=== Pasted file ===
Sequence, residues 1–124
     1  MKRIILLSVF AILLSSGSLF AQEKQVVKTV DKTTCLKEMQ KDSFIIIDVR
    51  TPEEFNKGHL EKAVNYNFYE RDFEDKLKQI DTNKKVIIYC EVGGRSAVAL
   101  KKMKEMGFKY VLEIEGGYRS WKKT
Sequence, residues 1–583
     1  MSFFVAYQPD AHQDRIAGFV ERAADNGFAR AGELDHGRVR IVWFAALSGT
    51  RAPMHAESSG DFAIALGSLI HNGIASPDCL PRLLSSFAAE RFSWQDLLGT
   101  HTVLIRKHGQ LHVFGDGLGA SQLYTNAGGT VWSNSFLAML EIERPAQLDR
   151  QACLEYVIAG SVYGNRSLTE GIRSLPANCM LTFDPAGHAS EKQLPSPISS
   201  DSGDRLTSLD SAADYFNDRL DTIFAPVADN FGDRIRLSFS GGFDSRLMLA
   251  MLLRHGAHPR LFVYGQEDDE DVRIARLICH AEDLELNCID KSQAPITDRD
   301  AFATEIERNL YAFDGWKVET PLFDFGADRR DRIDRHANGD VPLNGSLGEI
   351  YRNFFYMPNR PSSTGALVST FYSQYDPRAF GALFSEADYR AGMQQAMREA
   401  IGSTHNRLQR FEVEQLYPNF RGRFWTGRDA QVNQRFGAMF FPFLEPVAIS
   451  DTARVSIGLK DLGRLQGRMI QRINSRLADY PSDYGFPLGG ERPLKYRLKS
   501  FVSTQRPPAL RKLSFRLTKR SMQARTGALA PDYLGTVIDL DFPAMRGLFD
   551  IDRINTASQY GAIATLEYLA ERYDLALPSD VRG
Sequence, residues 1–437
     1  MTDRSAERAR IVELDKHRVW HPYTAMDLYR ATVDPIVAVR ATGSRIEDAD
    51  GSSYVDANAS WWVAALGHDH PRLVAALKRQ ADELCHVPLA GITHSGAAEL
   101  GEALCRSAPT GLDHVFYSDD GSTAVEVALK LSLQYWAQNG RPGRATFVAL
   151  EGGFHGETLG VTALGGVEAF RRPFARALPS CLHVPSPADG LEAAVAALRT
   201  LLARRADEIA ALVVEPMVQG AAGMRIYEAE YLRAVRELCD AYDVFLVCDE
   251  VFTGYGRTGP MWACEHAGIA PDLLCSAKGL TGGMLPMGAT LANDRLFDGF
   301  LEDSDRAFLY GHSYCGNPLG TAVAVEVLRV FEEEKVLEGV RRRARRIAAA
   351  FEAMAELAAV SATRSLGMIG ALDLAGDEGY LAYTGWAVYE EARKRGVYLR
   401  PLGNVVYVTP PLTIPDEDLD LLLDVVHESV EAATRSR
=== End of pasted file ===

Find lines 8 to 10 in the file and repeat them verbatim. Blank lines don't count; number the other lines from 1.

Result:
   101  HTVLIRKHGQ LHVFGDGLGA SQLYTNAGGT VWSNSFLAML EIERPAQLDR
   151  QACLEYVIAG SVYGNRSLTE GIRSLPANCM LTFDPAGHAS EKQLPSPISS
   201  DSGDRLTSLD SAADYFNDRL DTIFAPVADN FGDRIRLSFS GGFDSRLMLA